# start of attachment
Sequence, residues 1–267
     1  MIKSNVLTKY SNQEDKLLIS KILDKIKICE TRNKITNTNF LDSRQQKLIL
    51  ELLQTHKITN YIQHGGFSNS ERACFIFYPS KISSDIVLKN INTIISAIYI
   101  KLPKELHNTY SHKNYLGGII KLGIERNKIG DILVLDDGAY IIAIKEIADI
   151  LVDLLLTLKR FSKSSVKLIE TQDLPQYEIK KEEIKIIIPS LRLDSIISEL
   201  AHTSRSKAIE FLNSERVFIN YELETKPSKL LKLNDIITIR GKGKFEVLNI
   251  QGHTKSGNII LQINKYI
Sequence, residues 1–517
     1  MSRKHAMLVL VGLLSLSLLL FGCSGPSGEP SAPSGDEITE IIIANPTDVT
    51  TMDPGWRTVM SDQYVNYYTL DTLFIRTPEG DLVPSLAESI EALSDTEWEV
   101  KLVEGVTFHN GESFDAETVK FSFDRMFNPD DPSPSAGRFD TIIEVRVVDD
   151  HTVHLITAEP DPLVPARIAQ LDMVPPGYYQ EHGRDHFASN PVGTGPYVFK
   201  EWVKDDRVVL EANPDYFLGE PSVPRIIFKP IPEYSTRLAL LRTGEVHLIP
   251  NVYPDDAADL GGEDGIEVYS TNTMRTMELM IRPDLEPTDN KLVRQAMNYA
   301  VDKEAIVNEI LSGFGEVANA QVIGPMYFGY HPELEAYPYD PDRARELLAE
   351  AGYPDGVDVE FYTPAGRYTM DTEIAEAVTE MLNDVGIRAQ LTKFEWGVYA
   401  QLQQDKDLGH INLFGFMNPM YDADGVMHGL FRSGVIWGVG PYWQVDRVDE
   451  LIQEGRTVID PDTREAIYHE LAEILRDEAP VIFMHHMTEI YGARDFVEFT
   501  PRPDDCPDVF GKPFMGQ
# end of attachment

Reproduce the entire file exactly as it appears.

Sequence, residues 1–267
     1  MIKSNVLTKY SNQEDKLLIS KILDKIKICE TRNKITNTNF LDSRQQKLIL
    51  ELLQTHKITN YIQHGGFSNS ERACFIFYPS KISSDIVLKN INTIISAIYI
   101  KLPKELHNTY SHKNYLGGII KLGIERNKIG DILVLDDGAY IIAIKEIADI
   151  LVDLLLTLKR FSKSSVKLIE TQDLPQYEIK KEEIKIIIPS LRLDSIISEL
   201  AHTSRSKAIE FLNSERVFIN YELETKPSKL LKLNDIITIR GKGKFEVLNI
   251  QGHTKSGNII LQINKYI
Sequence, residues 1–517
     1  MSRKHAMLVL VGLLSLSLLL FGCSGPSGEP SAPSGDEITE IIIANPTDVT
    51  TMDPGWRTVM SDQYVNYYTL DTLFIRTPEG DLVPSLAESI EALSDTEWEV
   101  KLVEGVTFHN GESFDAETVK FSFDRMFNPD DPSPSAGRFD TIIEVRVVDD
   151  HTVHLITAEP DPLVPARIAQ LDMVPPGYYQ EHGRDHFASN PVGTGPYVFK
   201  EWVKDDRVVL EANPDYFLGE PSVPRIIFKP IPEYSTRLAL LRTGEVHLIP
   251  NVYPDDAADL GGEDGIEVYS TNTMRTMELM IRPDLEPTDN KLVRQAMNYA
   301  VDKEAIVNEI LSGFGEVANA QVIGPMYFGY HPELEAYPYD PDRARELLAE
   351  AGYPDGVDVE FYTPAGRYTM DTEIAEAVTE MLNDVGIRAQ LTKFEWGVYA
   401  QLQQDKDLGH INLFGFMNPM YDADGVMHGL FRSGVIWGVG PYWQVDRVDE
   451  LIQEGRTVID PDTREAIYHE LAEILRDEAP VIFMHHMTEI YGARDFVEFT
   501  PRPDDCPDVF GKPFMGQ